Gemma @ #FringeNYC ‘Observance’ - Unwilling to behave precisely according to Jewish law
WHAT’S IT ABOUT?
Observance is an original play about Gabby Goldblum, a nonreligious Jewish college student who suddenly becomes more observant while studying abroad in Israel, stunning her parents and boyfriend.
I have always identified as Jewish, emphasis on the ish.
God was never a big factor in my life. I vaguely remember praying as a child, but I never fully bought into the concept that my behavior according to a holy text determined whether or not I was a good person and would therefore be granted access to an afterlife. My relationship with Judaism was and is more cultural than anything else. It’s a major facet of who I am, and I feel a connection to the history of my people, the languages they speak and the food they eat. That being said, I am unwilling to behave precisely according to Jewish law to satisfy any higher power.
My mother was raised Jewish, as was everyone on her side of the family before her. Her grandparents were Orthodox while her parents were Reform. Growing up, she would attend Temple, eat kosher meals at her grandparents’ house and celebrate Jewish holidays (and I don’t just mean Hanukkah). Interestingly, she became the first woman in the family to marry outside of the faith — and she did it twice! This was quite a big deal at the time. It might not feel like it in places like New York City, but Jews are a minority, and there is often a lot of pressure from our relatives to keep the religion in the family. I guess it’s the feeling that there is safety in numbers and tradition. My mother didn’t mind so much about the religion of the person she married, she only cared about her children being raised Jewish. So when she met my father, she made that clear to him. My father was so unfazed by her ultimatum that he offered to convert to Judaism for her, but my mother assured him such a gesture was not necessary.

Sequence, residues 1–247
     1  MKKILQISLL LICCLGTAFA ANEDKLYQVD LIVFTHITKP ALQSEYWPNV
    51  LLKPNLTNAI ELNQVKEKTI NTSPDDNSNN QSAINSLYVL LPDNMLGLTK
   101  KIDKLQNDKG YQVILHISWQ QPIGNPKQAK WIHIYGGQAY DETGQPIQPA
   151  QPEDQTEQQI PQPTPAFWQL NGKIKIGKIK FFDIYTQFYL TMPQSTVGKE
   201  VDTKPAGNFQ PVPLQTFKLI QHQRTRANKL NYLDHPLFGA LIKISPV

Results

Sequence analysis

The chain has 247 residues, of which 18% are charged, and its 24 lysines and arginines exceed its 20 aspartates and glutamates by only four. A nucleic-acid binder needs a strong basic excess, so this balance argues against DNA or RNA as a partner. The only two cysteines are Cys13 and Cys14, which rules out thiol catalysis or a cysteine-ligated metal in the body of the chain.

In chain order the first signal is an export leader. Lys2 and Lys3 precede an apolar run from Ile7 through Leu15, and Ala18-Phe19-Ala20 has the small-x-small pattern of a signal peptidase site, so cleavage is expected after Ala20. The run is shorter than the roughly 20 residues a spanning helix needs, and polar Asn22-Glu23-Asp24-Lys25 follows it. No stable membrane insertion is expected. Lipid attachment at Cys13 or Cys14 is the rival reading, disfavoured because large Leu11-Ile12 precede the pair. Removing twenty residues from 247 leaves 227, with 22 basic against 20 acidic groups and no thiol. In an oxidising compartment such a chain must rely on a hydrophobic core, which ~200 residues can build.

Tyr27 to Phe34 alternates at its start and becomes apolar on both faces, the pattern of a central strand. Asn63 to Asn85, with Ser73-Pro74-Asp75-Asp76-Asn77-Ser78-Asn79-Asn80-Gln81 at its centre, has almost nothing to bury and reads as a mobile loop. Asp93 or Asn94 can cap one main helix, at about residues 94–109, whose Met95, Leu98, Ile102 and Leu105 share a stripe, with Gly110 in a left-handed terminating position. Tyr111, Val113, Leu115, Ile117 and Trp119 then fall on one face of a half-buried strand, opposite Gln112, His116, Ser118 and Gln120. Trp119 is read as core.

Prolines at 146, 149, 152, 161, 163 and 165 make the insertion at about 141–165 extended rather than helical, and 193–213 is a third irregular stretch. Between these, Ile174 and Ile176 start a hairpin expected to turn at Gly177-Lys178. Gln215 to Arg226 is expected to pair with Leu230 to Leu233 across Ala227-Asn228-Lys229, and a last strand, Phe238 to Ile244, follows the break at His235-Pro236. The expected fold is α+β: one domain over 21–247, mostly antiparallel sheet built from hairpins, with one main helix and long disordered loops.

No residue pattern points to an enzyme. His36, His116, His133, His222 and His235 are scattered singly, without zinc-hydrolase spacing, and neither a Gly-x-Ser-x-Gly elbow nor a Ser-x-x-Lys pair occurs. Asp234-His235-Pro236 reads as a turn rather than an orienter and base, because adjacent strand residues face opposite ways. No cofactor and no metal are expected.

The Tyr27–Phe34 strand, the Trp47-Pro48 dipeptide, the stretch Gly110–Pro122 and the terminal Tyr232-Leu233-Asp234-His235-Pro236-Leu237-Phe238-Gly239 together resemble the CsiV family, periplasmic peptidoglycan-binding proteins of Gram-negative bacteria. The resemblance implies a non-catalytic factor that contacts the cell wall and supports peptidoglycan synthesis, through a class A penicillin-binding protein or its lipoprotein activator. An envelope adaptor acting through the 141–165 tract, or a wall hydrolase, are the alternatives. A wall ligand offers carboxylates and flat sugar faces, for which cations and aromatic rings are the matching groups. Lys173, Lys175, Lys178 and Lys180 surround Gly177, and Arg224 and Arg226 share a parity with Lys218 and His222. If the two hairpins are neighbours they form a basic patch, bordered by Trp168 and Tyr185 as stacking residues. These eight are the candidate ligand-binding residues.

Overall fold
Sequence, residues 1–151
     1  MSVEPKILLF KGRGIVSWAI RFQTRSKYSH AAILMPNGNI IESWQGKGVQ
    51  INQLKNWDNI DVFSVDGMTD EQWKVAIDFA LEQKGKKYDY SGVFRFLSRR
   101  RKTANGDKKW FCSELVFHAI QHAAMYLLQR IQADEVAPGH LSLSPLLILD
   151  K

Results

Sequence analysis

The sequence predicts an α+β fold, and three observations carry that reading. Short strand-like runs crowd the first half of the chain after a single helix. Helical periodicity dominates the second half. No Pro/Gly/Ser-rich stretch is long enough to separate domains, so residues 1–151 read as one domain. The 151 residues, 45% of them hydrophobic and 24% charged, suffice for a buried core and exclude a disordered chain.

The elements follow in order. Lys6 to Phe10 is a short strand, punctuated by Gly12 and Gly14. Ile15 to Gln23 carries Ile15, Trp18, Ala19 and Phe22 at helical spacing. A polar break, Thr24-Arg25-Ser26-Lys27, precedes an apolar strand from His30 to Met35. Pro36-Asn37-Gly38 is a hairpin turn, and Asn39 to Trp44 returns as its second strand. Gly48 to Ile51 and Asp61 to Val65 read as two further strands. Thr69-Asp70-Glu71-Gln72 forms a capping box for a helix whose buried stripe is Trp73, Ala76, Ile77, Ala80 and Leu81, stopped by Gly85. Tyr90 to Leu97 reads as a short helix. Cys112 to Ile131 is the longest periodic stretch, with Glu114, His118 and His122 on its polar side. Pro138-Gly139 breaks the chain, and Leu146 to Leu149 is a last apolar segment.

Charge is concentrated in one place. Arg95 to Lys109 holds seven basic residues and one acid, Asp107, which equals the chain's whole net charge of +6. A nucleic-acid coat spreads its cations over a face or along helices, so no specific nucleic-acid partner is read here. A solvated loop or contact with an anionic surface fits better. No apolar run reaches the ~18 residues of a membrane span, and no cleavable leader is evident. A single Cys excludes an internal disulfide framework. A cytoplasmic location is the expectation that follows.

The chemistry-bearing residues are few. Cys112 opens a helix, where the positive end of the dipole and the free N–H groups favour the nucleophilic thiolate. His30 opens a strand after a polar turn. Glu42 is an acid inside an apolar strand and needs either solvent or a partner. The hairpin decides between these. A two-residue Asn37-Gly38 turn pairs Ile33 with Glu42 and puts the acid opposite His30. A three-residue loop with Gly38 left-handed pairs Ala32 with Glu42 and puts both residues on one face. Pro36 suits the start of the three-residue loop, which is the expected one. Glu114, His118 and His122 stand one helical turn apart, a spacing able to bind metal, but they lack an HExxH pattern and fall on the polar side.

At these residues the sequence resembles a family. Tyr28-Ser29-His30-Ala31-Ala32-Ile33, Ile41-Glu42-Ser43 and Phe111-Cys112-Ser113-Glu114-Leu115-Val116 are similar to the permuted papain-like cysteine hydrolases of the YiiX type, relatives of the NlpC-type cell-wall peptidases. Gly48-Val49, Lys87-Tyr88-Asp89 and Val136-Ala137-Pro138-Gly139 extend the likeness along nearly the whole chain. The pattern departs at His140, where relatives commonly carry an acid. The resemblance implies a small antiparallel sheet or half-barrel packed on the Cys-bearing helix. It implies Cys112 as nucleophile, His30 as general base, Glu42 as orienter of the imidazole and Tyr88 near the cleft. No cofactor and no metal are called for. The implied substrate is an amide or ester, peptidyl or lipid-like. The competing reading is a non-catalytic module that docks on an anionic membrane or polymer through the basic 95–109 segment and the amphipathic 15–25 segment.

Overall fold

My brother and I basically grew up as secular Jewish kids with Greek last names. Neither of us had a Bar or Bat Mitzvah or even wanted one. Most of our friends weren’t Jewish, and our faith remained a tiny piece of who we were, without it overshadowing the other layers of our personalities. But I looked at Judaism as a lifelong gym membership kind of thing, where even if we didn’t attend, we were still members for the rest of our lives.
College came around, I had the opportunity to travel to Israel for FREE! I jumped at the chance. My mother couldn’t quite share my level of excitement, because she was understandably worried about my traveling to such a war-torn country. I got that, and admittedly was nervous about my safety as well.